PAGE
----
Newt Gngrich stood on the stage in an auditorium of the Hyatt Regency in Washington and declared "a new day is dawning" as he promised vast reforms of the bloated, favors-driven machine called the Congress of the United States.
But instead of reform, Gingrich simply replaced one for sale to the highest bidder political machine for another, unleashing a power-mad Republican monster just as dirty and scandal-ridden as the one it replaced.
Voters threw out the Democratic leadership of Congress not so much because they wanted Republicans in charge but more because they were upset with the first two-years of heavy-handed actions by the Bill Clinton White House. Clinton's failed national health plan and his attempt to push a liberal agenda alienated many voters and in the mid-term elections of 1994 they turned to the only alternatives they had - Republican challengers to the Democrats in Congress.
Republicans rode into office on Gingrich's "Contract with America," wide-ranging promises of vast government reform, including imposing term limits for service in Washington, an end to pork-barrel legislation, dismantling the "good old boy" system of governing and sacking the practice of tacking "non-germane" legislative actions onto spending bills at the last minute.
Term limits bit the dust first. With power in their grasp, Republicans weren't about to threaten it by limiting their time in office. Gingrich rammed through some cosmetic changes in House rules but it soon became apparent that the names and party may have changed in the leadership offices but the standard operating procedure was business as usual.
Meanwhile, Republicans abandoned other planks of the "Contract with America" by pushing through the most-pork laden, expensive transportation bill in history and returning to other old habits, including loading up spending bills with anti-abortion and other right-wing amendments.
Gingrich left the House in disgrace but the machine he built continued to grow into a power-grabbing, money-grubbing monolith. New House speaker Dennis J. Hastert held the office but Majority Leader Tom DeLay controlled the GOP's agenda, browbeating Republicans and Democrats alike into submission while selling votes and access to the highest bidders.
The disputed election of George W. Bush in 2000 did not slow the viral spread of unchecked power and corruption. Under Bush's watch, using the 9/11 terrorist attacks to full political advantage, the White House and Congress built the largest government in history, led by the rights-swallowing Department of Homeland Security, and paid for with the highest federal deficits ever.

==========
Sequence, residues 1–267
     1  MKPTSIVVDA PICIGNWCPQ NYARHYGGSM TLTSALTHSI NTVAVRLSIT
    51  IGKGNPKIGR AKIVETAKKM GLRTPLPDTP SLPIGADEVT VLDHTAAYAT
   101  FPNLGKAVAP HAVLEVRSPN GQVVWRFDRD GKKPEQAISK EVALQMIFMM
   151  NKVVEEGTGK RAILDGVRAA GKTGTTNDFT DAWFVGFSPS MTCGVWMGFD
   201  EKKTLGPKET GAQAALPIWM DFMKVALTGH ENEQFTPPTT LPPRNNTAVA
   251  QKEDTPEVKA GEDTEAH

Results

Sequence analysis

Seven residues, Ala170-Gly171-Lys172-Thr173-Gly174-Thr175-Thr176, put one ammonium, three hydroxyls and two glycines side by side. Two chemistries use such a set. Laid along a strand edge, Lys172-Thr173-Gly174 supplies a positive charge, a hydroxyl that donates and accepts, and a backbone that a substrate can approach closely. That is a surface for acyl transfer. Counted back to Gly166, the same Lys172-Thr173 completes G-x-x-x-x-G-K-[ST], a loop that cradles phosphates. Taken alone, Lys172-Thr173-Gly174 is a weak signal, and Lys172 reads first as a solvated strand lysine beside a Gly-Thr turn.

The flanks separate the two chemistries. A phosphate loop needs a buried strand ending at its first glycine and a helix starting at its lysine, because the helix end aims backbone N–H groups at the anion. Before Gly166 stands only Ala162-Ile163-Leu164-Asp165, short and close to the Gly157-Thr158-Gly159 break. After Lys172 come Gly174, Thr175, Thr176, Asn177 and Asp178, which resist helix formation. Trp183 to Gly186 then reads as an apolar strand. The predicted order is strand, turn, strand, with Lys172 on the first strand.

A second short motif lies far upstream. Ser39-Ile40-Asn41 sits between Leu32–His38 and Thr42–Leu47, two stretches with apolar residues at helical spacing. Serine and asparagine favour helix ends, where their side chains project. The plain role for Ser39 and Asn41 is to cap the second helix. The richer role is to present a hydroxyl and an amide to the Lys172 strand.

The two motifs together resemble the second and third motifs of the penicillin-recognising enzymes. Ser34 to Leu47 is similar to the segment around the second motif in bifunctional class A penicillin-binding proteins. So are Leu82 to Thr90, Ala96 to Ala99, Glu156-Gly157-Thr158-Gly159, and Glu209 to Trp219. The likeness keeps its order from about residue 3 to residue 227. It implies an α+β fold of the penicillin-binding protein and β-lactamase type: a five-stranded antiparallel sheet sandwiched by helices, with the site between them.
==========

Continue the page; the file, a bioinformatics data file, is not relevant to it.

With Republican control the Constitution became an "outdated document" with American civil rights and liberties expendable under a government that discarded and ignored the laws of the land.
Bush, with the approval of both Republicans and Democrats who voted with their eyes closed, led the country into a war built on lies borne out of fabricated or non-existent rationales. Both the White House and Congress became the personal property of the rich and powerful, a government of the wealthy, by the wealthy and for the wealthy.
Yet sometimes the stench of corruption can overwhelm even a place like Washington, a city of excess built on a swamp, The lasting stain of scandal has reached into every nook and crevice of power in the Nation's Capital and many may find themselves washed away by the ton of disinfectant that will be needed to cleanse the city and the government that lurks there.
Some have fallen already: Scooter Libby, Duke Cunningham and others. Tom DeLay thought he could hold on to his leadership post but scandal-weary moderates forced him to quit his job before they fired him.
Some say serious campaign finance reform is the answer but the current system grew out of the post-Watergate "reforms" of the 70s. Reform will not fix our problems and neither will a few resignations or a handful of convictions. The system is rotten to the core and the rot is too widespread to just be cut out and thrown away.
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